5 Matching Annotations
  1. Apr 2019
    1. In all cases, the surviving monarchies of Southeast Asia have power and influence that potentially or in reality exceed that described in constitutional terms. This has come about chiefly because of the continuity of the archaic sacred and cultural symbolism of monarchy, which the monarchs themselves have cleverly perpetuated—as well as the patronage derived from their considerable wealth.

      This is another argument that led me to the skepticism of the argument that the constitutional monarchy is a dead governmental system and that the monarchy is nothing more than figureheads to the world when in reality, this is not the case with Southeast Asia. I find it fascinating that Japan does have an emperor that rules silently and he still is more authoritative than the UK monarchs.

    1. the phrase alludes to influences by Confucianism[2](p10) – in particular, filial piety or loyalty towards the family, corporation, and nation; the forgoing of personal freedom for the sake of society's stability and prosperity; the pursuit of academic and technological excellence; and, a strong work ethic together with thrift

      I think these values might be useful in teaching in school. I wonder if many colleges and Western schools ever taught this to their children?

    2. Proponents of so-called "Asian values", who tend to support Asian-style authoritarian governments,[2](p13) claim these values are more appropriate for the region than Western democracy with its emphasis on individual freedoms.[3] "Asian values" were codified and promoted in the Bangkok Declaration of 1993, which re-emphasized the principles of sovereignty, self-determination, and non-interference in civil and political rights. They included: Preference for social harmony; Concern with socio-economic prosperity and the collective well-being of the community; Loyalty and respect towards figures of authority; Preference for collectivism and communitarianism.

      Now that I think about the times when people in the MTA Evergreen collaboration program are telling me that I am using male-dominated language, I found that this is the source of my values and yet I just find it sad that Evergreen students just never understand it at all.

    1. The first week of class was pretty similar to most first weeks of a programs I have experienced. However, this program was a little more hectic due to the fact that we have so many programs trying to do so many different and connected things. The moment that stood out the most to me was how much work was accomplished in 8 short hours by the MTA changemakers, this was impressive and inspiring to me. I participated in a similar group last quarter. In that program we  had weeks to get the point that they got to in an afternoon.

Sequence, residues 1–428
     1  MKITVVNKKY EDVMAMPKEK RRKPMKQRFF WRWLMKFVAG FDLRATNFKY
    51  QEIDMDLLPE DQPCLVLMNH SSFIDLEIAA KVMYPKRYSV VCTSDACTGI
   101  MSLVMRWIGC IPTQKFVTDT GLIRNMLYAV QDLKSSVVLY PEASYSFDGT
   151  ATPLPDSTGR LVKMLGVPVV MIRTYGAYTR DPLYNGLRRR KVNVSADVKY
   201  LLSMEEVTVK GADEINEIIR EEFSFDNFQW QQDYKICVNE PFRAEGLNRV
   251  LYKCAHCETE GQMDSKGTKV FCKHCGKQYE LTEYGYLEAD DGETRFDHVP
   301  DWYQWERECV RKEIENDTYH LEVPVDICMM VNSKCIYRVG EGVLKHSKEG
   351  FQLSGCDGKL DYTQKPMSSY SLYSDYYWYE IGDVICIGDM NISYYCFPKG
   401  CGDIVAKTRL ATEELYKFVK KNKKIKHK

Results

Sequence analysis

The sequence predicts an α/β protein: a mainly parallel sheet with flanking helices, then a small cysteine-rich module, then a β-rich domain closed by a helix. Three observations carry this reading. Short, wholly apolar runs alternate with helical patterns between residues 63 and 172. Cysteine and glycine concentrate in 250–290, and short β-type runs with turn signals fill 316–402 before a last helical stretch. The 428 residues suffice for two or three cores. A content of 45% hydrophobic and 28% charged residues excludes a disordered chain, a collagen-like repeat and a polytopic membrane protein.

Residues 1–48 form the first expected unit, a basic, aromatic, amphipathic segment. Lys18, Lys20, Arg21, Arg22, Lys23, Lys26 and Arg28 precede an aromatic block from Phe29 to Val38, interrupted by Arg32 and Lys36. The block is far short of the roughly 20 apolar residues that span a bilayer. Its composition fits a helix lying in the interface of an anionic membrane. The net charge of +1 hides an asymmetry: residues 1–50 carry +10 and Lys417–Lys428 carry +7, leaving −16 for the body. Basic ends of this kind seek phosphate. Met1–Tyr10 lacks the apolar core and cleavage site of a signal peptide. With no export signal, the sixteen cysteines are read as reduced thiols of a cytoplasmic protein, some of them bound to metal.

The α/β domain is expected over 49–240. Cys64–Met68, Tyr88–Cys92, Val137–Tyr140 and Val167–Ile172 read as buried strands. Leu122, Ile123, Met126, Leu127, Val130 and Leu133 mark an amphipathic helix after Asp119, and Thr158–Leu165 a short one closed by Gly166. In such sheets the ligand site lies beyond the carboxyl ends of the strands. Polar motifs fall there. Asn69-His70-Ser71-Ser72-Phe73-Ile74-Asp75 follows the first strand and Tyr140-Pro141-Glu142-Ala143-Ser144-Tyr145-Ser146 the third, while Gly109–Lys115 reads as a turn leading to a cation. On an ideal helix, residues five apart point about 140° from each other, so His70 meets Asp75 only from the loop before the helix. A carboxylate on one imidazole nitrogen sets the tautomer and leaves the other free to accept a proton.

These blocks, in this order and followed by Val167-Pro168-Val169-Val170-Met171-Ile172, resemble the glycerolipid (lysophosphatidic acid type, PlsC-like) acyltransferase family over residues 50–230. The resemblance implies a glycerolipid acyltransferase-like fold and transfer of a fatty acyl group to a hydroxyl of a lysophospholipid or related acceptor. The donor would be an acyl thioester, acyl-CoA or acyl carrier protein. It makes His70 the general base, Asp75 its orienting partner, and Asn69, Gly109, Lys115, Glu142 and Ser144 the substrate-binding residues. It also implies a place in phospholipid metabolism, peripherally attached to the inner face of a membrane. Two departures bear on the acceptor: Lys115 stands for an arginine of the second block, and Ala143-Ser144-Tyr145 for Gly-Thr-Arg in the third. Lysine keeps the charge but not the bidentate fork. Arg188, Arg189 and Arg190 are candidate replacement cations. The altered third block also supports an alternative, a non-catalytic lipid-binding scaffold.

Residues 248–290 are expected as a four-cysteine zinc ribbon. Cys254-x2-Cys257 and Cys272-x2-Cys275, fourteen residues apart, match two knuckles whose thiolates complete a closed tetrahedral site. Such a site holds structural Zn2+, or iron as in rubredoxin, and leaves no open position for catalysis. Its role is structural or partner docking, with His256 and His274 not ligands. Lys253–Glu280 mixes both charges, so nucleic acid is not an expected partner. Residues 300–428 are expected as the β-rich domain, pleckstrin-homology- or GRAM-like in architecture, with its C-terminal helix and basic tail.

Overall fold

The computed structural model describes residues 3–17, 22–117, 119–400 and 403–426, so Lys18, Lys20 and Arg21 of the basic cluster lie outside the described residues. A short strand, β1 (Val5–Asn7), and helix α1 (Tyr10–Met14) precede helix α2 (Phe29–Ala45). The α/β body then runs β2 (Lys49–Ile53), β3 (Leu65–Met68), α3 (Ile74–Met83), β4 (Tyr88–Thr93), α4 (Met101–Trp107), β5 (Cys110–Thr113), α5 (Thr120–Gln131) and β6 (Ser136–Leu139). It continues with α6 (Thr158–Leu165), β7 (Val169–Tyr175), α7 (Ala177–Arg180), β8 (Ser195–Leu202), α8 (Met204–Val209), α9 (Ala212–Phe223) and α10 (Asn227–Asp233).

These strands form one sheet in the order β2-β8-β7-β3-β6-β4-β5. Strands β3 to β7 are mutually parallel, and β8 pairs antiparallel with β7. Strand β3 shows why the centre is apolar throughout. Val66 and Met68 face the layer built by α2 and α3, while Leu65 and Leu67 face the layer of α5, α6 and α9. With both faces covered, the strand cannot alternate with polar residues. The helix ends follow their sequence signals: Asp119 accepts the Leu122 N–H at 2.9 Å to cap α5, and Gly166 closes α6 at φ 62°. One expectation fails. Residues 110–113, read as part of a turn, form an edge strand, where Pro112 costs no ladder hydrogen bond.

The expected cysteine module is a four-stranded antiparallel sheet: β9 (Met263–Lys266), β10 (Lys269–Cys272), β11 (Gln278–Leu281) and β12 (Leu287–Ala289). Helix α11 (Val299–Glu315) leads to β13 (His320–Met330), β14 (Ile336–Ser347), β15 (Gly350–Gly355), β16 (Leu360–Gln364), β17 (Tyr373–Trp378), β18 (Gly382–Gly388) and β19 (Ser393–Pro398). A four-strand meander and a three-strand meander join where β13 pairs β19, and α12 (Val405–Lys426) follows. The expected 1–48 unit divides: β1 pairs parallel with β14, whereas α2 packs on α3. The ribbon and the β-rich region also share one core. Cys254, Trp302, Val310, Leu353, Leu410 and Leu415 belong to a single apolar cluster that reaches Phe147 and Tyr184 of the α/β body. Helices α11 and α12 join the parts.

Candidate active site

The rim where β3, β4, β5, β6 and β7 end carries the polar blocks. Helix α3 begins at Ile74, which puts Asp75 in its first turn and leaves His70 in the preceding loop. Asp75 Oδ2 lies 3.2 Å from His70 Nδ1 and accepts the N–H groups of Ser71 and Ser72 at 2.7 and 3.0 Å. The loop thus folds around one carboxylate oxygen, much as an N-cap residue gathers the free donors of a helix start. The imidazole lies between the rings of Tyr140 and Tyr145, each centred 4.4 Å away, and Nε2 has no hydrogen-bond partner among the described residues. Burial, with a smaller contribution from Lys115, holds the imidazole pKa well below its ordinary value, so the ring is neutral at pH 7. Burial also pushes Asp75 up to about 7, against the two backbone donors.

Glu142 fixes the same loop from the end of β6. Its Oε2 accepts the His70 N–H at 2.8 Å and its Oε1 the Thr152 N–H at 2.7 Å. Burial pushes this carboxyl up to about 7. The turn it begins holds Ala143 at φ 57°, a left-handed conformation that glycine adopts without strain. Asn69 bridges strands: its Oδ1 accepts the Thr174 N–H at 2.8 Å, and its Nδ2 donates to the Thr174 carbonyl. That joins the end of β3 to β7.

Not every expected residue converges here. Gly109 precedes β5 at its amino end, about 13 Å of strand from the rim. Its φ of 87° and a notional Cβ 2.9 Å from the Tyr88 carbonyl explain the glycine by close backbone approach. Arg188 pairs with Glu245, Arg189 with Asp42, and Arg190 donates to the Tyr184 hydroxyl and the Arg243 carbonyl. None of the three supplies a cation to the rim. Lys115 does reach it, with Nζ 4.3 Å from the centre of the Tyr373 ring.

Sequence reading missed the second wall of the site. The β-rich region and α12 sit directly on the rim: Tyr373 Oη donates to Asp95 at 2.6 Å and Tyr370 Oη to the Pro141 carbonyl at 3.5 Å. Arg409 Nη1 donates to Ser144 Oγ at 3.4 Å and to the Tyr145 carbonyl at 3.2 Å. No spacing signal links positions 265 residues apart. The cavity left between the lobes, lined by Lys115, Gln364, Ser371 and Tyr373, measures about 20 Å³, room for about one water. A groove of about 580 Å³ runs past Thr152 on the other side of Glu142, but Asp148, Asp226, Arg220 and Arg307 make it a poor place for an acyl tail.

You know, upon reading the textbook Networks, Crowds, and Markets, I came to see that when networks are first formed, they tend to be hectic and that there is a scram for connections in order to get a project or anything started. However, as time goes by and the networks began to get familiarized with themselves, I found that they start to form groups that are more stable and cohesive with one another and will start building up momentum in order to build something great. However, this comes with the understanding of trust and mutual bonds and without it, it will not become a teampreneurship but instead it becomes just a regular classroom setting that is just doing a series of movements on various different projects. Thus, through reading your blog and other people's blogs, I came to see that there is a stage in which teampreneurship must go through in order to be called teampreneurship and this goes the same with any enterprises. Guess it is the key towards understanding sustainability.

    1. Please annotate how you have felt about the current situation with the Team-preneurship class here. I will compile your annotations into a document that I can present at the next organizational meeting. I would like our needs and feelings to be represented in this process. Thanks, guys. 

      Well given how Scott showed me how there are a ton of moving parts in the teampreneurship program, along with the fact that there are misunderstandings on how the research team will go about with the research onto how would the teampreneurship program at Evergreen proceed, I found there are three things that needs to happen: the first is that the teampreneurship and other programs need to understand the difference between the action research and traditional research, the second is to make sure that all the faculties are on the same page about what they are doing with the teampreneurship program while making sure that they are for the interest of the group (and have to learn to leave aside the personal interest that does not align or build the teampreneurship pursuit), and the third is to build awareness with the administrators on the roles they play in the program. The program on Thursday was a sign to help us understand that there are some parts that needs to be on the same page with one another and unfortunately, what I found was there is a need for communication before proceeding. If this does not work out well within the couple of days or weeks into the program, this could jeopardize the money that the administration poured into in order to understand the impact of teampreneurship and the millions of dollars of donations made for the program.